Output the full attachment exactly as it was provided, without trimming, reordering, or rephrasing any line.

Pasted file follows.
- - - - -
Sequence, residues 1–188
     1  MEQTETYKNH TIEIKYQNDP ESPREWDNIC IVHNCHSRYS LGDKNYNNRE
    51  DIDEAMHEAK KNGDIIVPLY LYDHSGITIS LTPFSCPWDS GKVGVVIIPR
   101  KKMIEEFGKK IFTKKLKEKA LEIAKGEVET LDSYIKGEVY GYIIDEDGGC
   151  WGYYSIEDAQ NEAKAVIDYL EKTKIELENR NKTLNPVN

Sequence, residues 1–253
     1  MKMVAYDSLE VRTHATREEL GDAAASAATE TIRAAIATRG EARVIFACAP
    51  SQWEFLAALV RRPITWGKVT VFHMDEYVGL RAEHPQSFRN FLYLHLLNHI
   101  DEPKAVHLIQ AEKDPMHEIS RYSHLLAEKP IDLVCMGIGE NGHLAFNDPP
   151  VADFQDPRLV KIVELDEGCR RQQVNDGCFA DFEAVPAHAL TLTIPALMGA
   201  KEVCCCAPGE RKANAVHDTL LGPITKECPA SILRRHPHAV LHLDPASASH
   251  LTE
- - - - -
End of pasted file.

Sequence, residues 1–188
     1  MEQTETYKNH TIEIKYQNDP ESPREWDNIC IVHNCHSRYS LGDKNYNNRE
    51  DIDEAMHEAK KNGDIIVPLY LYDHSGITIS LTPFSCPWDS GKVGVVIIPR
   101  KKMIEEFGKK IFTKKLKEKA LEIAKGEVET LDSYIKGEVY GYIIDEDGGC
   151  WGYYSIEDAQ NEAKAVIDYL EKTKIELENR NKTLNPVN

Sequence, residues 1–253
     1  MKMVAYDSLE VRTHATREEL GDAAASAATE TIRAAIATRG EARVIFACAP
    51  SQWEFLAALV RRPITWGKVT VFHMDEYVGL RAEHPQSFRN FLYLHLLNHI
   101  DEPKAVHLIQ AEKDPMHEIS RYSHLLAEKP IDLVCMGIGE NGHLAFNDPP
   151  VADFQDPRLV KIVELDEGCR RQQVNDGCFA DFEAVPAHAL TLTIPALMGA
   201  KEVCCCAPGE RKANAVHDTL LGPITKECPA SILRRHPHAV LHLDPASASH
   251  LTE